Spider-Man: Into the Spider-Verse Review

Okay, so I’m a bit late to this particular party. My viewing of films is dictated by my local cinemas showing times, and they often don’t match my usual schedule, in this situation I miss certain big releases, or am late in reviewing them, and the review seems pointless as everybody already knows whether the film is good/bad.

Either way, I’ve watched it now, and not reviewing it would be foolish in my position, whether everyone else has made their mind up or not.


Miles Morales is an ordinary high school kid, his father is an over-bearing police officer, and he’s just been transferred to a private school for geniuses. Then he’s bitten by a radioactive spider, and you all know the rest…


When I first heard of this, my expectations were set on the basement of Satan’s wine-cellar. ANOTHER bloody Spider-Man? Before long I’m going to need a flow-chart to keep track of all these universes. Then, the trailer came out and I was even less impressed, I didn’t like the animation style at first glance, it felt like staring into the uncanny valley, caught mid-way between comic and realistic style and as a result looked odd.

But, as is usually the case, I was wrong. Into the Spider-Verse is a wonderful film, and one of its strongest aspects is its animation, which surprises me, given my original aversion to it.

I think the thing I liked most about it, was it’s change away from the Peter Parker story we’ve seen too many times (and we didn’t need to see Uncle Ben die, which is always a plus) it explores different aspects of Spider-Man, even beyond Spider-Man as there’s also a Spider-Woman a Spider-Mech and a Spider-erm-Pig (not the same one from The Simpsons Movie)

I also found Miles to be an extremely likeable protagonist. He’s a nice change of pace from Peter Parker, who does appear in this film, but instead of a sprightly young teenager, the Peter Parker of this universe is an older-slightly overweight man in his thirties, therefore making him more relateable to his main fan base.

The expanse of Spider-People (is there a collective noun for a group of Spider-related heroes? Lets go with Spider-People for now) was another thing that put me off from the trailer, that and the Sony Animations logo, because that certainly did the trick too, but the mix of styles from Miles to the Anime styles of Peni and the Looney Tunes-like Spider-Ham (yes that really is his name) maybe it’s because I’ve been so engaged in live-action Superhero films, but it was a red flag to me.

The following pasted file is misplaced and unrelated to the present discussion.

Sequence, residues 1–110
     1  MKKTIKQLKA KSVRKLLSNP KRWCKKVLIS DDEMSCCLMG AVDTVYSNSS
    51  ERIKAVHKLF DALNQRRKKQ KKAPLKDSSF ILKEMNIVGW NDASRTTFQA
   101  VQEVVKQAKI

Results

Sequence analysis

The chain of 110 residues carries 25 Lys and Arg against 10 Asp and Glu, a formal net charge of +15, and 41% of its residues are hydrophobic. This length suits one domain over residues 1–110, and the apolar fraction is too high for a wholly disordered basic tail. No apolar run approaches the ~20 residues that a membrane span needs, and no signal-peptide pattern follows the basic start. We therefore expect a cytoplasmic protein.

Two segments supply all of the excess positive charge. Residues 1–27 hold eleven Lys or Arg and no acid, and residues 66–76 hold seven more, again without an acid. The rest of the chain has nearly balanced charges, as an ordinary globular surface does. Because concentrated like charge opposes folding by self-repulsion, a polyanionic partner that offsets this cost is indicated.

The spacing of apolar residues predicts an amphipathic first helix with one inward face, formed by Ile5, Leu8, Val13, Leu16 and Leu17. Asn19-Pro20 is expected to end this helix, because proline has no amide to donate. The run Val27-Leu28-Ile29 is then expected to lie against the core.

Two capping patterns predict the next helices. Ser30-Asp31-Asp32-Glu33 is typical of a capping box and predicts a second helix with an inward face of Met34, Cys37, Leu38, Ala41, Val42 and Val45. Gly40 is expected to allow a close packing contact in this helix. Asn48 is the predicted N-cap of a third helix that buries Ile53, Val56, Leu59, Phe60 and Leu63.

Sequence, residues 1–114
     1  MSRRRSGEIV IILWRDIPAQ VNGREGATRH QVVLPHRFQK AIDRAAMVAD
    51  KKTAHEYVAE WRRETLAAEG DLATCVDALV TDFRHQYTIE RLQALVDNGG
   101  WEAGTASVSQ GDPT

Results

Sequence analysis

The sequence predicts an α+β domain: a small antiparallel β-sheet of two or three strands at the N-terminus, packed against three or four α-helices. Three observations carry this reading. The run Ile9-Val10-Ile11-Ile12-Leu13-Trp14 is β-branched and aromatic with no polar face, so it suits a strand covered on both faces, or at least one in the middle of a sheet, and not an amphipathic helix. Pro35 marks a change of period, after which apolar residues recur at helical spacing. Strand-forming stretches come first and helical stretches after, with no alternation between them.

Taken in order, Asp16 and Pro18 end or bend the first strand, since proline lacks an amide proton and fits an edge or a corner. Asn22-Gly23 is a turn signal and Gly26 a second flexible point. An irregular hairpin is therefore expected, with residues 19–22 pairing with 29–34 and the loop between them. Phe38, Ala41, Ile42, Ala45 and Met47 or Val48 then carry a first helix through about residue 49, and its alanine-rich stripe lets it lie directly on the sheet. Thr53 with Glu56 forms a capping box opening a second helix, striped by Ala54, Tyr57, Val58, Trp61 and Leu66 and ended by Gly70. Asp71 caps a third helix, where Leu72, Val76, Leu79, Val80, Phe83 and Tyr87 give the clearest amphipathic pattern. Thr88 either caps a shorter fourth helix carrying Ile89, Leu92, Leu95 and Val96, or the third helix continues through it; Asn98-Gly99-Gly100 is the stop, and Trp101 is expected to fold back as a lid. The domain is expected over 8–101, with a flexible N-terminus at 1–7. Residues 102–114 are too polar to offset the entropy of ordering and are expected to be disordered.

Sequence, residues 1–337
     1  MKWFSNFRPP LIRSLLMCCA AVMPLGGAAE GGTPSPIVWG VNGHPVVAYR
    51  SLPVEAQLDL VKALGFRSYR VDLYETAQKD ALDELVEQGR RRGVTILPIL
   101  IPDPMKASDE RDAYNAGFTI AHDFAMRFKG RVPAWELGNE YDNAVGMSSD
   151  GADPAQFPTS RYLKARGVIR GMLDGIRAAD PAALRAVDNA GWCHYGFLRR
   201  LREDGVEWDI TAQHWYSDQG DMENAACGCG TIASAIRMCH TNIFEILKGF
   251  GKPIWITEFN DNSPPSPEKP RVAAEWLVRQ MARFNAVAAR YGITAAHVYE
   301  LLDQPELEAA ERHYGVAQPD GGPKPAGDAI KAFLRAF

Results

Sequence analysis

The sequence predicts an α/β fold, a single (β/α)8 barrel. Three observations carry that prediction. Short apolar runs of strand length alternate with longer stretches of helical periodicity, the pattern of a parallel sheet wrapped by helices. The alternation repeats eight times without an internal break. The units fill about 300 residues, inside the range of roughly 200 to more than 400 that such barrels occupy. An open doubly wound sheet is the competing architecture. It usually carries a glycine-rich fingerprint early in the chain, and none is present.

In reality, however, the film is very well-balanced, there is the goofy comedy aspects, but there’s also some fairly-touching moments, unexpectedly, and it all balances quite nicely alongside each other.

I think what makes me like this film is the characters though, not only do we get the ever-lovable Miles, but there’s older Peter Parker, Spider-Gwen and even Spider-Ham turn in some nice moments, not only that but the growing character dynamics between certain Spider-People (and ordinary people) I like the relationship between Miles and Peter, and the relationship between Miles and his Dad, which just brushes the border of cliche-town without ever building a camp there.

There aren’t really any massive criticisms I can levy at the film, it isn’t a film that sticks in my mind like, say, Infinity War, but then again it’s working with one-tenth of the scale and budget, maybe it’s a little forgettable and I’m not sure I’d rush to watch it again, but that’s about the worst I can say. Oh, and some of the twists are very predictable, but at a film that is essentially aimed at kids, I wasn’t expecting Inception.

In conclusion then, Spider-Man: Into the Spider-Verse is a lovely-looking, well-written film that will entertain you with likeable characters and interesting story points. But it probably won’t stick in your mind for the long-run, and that’s not a bad thing, I’d certainly watch a sequel should one be made. It may even surprise you from time to time as well, a well-made film for the whole family.

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